Law = Awesome

Standard

My class is going through the Bible chronologically, and we just finished a unit on The Law. At the end of each unit, we are assigned a project elaborating on a principle we picked up in that section. The firs unit resulted in a silent, black-and-white film based on Job (http://www.youtube.com/watch?v=IMoGX652pdw) For this unit, we were supposed to pick a law, pull a key principle and sub-principles from it, and fit those principles to a modern context. Approaching this project, I was hesitant. Didn’t sound like my idea of fun (Swan Princess, anyone?) But, as it is due tomorrow, so I jumped in, and before I knew it I was writing my third page. Four verses brought me three pages of analysis and application. I’m just as surprised as you are, and I thought I’d share what I learned with you.

Deut 22:1-4

Key Principle: Love is not based on the other party’s actions.

Love is others-centered. Implied in this whole passage is the idea that the Jew noticed the missing
animal/object, and this isn’t necessarily as straight forward as it sounds. He has a farm of his own, his own animals to tend to, his own crops to plant, fertilize, irrigate and harvest, his own family to feed, his own life to live. It would be easy to get so caught up in his own life that he never notices the simple oxen slipping away from his neighbor’s barn. But God tells him to be others-focused, neighbor-focused. He needs to take the time to pull his eyes beyond his own yard to that of his neighbors’, and rather than criticizing or falling into the jealousy-trap, stop and see if there’s anything he’s overlooking that needs to be done.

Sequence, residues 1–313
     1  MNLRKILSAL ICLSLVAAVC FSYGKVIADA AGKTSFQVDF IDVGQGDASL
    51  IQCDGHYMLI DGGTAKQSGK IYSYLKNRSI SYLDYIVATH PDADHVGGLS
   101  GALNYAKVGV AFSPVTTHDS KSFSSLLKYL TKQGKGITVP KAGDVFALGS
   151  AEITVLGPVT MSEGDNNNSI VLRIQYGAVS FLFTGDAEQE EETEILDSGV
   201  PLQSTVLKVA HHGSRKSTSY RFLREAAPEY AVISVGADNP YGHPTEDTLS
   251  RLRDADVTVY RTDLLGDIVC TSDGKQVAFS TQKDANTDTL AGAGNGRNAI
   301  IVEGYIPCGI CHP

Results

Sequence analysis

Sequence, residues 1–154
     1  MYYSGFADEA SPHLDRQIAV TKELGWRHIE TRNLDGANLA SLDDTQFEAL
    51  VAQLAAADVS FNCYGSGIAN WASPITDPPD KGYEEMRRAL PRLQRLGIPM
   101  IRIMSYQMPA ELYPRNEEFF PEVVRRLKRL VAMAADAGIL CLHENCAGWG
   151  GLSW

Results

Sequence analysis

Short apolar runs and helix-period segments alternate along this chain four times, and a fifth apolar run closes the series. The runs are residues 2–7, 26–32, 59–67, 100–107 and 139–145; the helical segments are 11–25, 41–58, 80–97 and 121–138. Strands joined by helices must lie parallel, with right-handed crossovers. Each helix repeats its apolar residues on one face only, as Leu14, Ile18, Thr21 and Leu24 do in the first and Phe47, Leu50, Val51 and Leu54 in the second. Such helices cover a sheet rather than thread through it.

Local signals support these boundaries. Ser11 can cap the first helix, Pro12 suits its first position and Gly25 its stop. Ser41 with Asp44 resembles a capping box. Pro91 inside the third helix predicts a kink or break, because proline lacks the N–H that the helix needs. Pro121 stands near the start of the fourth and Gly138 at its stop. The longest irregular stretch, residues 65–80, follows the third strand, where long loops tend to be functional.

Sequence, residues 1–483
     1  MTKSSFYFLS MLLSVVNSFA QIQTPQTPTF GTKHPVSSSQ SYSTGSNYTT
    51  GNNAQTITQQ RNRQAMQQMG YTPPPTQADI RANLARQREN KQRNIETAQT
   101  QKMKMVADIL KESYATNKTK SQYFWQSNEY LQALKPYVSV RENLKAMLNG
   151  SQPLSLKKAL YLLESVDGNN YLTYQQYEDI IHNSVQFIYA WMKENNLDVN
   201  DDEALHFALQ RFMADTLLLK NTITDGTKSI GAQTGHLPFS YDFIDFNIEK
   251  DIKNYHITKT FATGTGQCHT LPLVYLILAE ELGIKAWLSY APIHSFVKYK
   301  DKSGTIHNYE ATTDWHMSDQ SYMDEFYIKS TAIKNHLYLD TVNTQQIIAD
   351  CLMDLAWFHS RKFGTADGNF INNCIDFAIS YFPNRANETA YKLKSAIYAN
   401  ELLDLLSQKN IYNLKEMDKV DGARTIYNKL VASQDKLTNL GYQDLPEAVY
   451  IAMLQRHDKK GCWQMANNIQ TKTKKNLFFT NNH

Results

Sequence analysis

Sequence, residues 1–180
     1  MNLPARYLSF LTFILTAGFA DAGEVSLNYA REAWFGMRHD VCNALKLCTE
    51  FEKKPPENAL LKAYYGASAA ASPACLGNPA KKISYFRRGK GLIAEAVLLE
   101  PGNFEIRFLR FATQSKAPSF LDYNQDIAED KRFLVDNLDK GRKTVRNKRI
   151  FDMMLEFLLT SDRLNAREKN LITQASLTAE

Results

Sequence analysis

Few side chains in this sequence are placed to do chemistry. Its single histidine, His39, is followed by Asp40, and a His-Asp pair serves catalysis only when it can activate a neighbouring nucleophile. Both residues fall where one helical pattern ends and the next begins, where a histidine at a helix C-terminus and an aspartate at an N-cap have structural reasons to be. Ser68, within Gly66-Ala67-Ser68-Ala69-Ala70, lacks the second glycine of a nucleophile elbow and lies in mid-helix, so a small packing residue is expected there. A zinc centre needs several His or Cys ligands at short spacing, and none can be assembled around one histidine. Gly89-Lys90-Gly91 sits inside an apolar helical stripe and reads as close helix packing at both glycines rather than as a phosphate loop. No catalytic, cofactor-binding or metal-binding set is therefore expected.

Love is active. Repeatedly this passage says, “you shall not see… and pay no attention to it”. The ESV translates this same concept as “you may not ignore it”. It is not loving to stand by and do nothing when a need presents itself. As believers, we are called to love our neighbors, and, as this passage asserts, love is more than a feeling. Love is seeing a need, and meeting it.

Love is unconditional. Nowhere in this passage does God say anything about compensation for the Jew’s time or money. He simply says that he is to “bring them back to [his] countryman”, and if the neighbor is away from home, or even a stranger, “[he] shall bring it home to [his] house and it shall remain with [him] until [his] countryman looks for it”. He doesn’t know why the animal is roaming around, he doesn’t know how long you will have it, and he can’t demand anything back from its owner. There is no way for this situation to benefit him, and that’s the point. Love is not about what someone or something does for you, it’s about meeting needs, unconditionally. God also knows that we often try to loop-hole our way out of obeying His commands, so He made this law clear: “Thus you shall do with is donkey… with his garment… with anything lost by your countryman…” There’s no way for the Jew to say, “Whew! It’ just the Jones’ horse. Good thing it’s not an ox or a sheep, because then I would have to help them.” Similarly, we as believers are not to
loop-hole our way out of helping a neighbor. Quit the hair-splitting and just love them.

Love is costly. You don’t just keep an ox in your barn; you have to feed it, water it, and clean up after it. And with no promised compensation in this law, all that food, water and time is coming straight from your pocket. This law shows that love takes more than going through the motions (putting the animal in your barn), it takes time, money and effort, and sometimes you don’t get anything in return for your work but a strengthened relationship and a God-glorifying reputation.